You remember Jell-O, don't you? At Morrison's Cafeteria, it
came in yellow, green and bright
red squares, like sawed blocks
of ice that couldn't sit still.
And adultery, where the wife knows
that if she's getting kicked
a little less, someone else
is getting hers
which is "a blessing / and a curse."
Or perhaps, on how to fudge a train ticket --- at least for a woman --- the trick is "handing the ticket to the conductor while / staring long and hard at his loins, as if these were / the homeland you loved and were leaving forever."
Cohen's themes range all over --- the Assiniboine tribe of Montana (selling sinfully good-smelling sticky buns in airports), a friend who has just committed suicide, a three-legged race, Piggly Wiggly coupons, and an artist friend who chopped herself up with a chain-saw.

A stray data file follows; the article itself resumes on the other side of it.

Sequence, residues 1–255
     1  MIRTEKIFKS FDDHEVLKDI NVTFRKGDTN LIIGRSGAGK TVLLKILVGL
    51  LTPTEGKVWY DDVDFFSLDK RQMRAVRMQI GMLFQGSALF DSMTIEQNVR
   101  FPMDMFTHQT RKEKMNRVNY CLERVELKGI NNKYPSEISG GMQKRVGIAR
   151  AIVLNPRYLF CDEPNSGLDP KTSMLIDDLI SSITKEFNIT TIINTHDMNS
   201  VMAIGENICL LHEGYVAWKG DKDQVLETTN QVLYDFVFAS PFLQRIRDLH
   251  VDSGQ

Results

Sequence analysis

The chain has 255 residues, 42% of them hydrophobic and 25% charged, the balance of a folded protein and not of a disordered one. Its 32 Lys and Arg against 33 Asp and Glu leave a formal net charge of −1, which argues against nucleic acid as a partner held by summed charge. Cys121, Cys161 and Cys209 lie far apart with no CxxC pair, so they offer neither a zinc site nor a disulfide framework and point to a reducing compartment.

The element that makes these poems better than the mass we get here in the weekly mail are the sharp twists and turns ... where Cohen moves odd things off into unexpected territory. A wedding where the bride and groom "live happily un-after." An Easter egg hunt where you "hide from the eggs." Bodily tremors that will find relief in places "prone to earthquakes." A visit to the Iowa State Fair with "a cow fashioned of butter." With its "butter eyes"
my butter soul. I could
have wept, or spread myself,
for nobody across dry toast.
It is absurd --- or absurdist --- and melancholy. But it works.
The publisher lists eighteen literary magazines that published the poems that appear here, including Poetry, The Hudson Review, The Cincinnati Review, Orion, and Salamander. Cohen is different, and good, and deserves your rapt attention.--- Lolita Lark